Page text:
Ms. Rusudan Gotsiridze is a 2014 International Women of Courage awardee and the first female Baptist bishop in Georgia. She is an advocate for women’s rights and interfaith dialogues to support religious minorities. This blog post is a part of a series highlighting and celebrating women leaders in our network during Women’s History Month.
Who is your female inspiration, mentor or hero figure?
I have often been asked who my role model is, and I always have a hard time answering this question. I was brought up in a Soviet country, in a dissident Protestant family, in a heavily patriarchal culture – both in church and society. We rarely saw prominent woman political leaders. Even more, I remember how surprised we were to see Nancy Reagan beside her husband when they visited Moscow during the Cold War. That was the first time we saw Mikhail Gorbachev’s wife Raisa Gorbacheva. Before, wives of (male) leaders had not appeared in public. I was a young adult when I first saw a woman at the pulpit of my church. Equality in the Soviet regime, just like many other things, was myth.
I do not think my inspiration was one specific woman. The idea of equality itself was the most powerful motivation. I started searching for stories of women who made changes, who were in the forefront of movements for equality. The very first woman I felt connected to was a young Cappadocian girl named Nino, who preached Christianity in Georgia in the 4th century, and converted the Queen and King of the country to the religion of love and peace. The story is not that powerful all. Though it was St. Nino who brought Christianity to this land, she was not considered a proper figure to establish and consecrate the church. A male clergy from Byzantium was invited to do that job. Later, when I did my research about women’s ordination, I discovered the story of Mary of Magdala, a woman who was chosen to be the witness of the resurrected Christ, but somehow was portrayed as a sinful woman, as a prostitute by the church tradition.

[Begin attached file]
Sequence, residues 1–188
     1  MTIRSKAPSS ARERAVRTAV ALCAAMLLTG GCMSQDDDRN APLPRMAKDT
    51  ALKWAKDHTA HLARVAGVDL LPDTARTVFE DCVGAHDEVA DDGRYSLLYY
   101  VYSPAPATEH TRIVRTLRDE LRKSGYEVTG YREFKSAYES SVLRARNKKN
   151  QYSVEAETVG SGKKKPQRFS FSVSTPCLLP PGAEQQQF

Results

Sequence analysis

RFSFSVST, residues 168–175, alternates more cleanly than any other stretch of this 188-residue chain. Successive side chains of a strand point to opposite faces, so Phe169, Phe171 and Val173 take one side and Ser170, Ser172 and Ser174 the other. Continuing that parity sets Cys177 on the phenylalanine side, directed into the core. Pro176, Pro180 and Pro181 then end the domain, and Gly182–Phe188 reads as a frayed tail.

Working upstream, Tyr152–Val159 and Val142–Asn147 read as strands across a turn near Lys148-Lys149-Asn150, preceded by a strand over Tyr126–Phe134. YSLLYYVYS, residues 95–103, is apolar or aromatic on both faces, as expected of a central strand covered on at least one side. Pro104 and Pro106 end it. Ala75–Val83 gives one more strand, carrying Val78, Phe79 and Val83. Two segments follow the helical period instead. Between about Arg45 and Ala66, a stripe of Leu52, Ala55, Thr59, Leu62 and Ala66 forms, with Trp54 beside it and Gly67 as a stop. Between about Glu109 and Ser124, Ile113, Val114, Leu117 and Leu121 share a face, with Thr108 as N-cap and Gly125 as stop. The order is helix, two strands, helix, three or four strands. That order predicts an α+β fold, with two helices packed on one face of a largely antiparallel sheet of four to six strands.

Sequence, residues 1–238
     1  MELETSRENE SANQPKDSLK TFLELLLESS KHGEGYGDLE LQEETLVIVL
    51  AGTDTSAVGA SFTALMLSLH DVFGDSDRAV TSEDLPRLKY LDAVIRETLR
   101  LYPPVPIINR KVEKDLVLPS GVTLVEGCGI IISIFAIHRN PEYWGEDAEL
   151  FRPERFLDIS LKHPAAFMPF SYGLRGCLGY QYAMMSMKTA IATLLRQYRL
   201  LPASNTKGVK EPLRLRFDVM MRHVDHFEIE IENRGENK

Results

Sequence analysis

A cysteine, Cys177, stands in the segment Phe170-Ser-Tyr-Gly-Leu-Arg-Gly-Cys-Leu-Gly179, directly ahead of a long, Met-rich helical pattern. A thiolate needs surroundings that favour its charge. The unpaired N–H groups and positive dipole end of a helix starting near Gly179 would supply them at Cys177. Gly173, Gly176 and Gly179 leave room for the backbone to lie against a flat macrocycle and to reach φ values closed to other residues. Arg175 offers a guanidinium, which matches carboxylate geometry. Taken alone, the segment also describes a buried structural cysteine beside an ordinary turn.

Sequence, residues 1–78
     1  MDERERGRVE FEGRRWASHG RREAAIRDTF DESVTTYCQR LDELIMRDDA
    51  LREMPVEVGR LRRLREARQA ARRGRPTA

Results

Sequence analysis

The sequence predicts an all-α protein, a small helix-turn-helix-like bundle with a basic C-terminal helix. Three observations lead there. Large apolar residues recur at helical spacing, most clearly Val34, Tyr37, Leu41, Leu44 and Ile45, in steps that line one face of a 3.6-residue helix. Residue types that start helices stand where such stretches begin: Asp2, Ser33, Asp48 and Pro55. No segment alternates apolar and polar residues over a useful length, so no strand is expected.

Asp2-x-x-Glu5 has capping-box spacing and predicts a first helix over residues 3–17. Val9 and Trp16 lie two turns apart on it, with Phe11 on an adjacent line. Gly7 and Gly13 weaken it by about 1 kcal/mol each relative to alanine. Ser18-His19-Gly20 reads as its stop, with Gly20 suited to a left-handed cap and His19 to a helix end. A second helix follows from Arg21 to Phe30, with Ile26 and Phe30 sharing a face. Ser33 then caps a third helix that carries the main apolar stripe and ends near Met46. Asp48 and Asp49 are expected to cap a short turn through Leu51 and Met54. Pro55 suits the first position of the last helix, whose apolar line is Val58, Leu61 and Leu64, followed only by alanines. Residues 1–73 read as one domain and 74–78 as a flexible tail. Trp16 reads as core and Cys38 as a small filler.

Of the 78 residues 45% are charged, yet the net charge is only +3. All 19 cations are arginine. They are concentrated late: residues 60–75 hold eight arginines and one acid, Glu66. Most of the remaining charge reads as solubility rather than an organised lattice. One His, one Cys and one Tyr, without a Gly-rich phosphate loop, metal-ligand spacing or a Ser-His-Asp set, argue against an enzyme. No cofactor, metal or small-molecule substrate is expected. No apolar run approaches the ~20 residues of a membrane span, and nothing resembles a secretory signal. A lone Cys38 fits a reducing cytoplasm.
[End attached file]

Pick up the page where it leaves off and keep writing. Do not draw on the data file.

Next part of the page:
The stories of these two prominent women, their strength and the unjust treatment was something that would give me motivation. I had a feeling that I owe a lot to these women.
What does ‘leadership’ mean to you?
Wherever you go you are taught that you lead by serving, you lead by example. It is a universal model of leadership indeed. Jesus would wash his disciples’ feet while conducting a leadership training for them. But serving does not always have the same meaning when it comes to women’s leadership. We find new ways to communicate the message of equality and love in deeds.
How do you give back, or build connections or roadmaps for future women leaders?
I do not think that I am the one who should be giving roadmaps to future women – in fact, the opposite is already happening. It is young people who lead me, it is they who give me strength and it is young women and girls who will pave the way of the future. The only thing I can do is to give an example of a person who is open to that future, to the changes and new ways of being.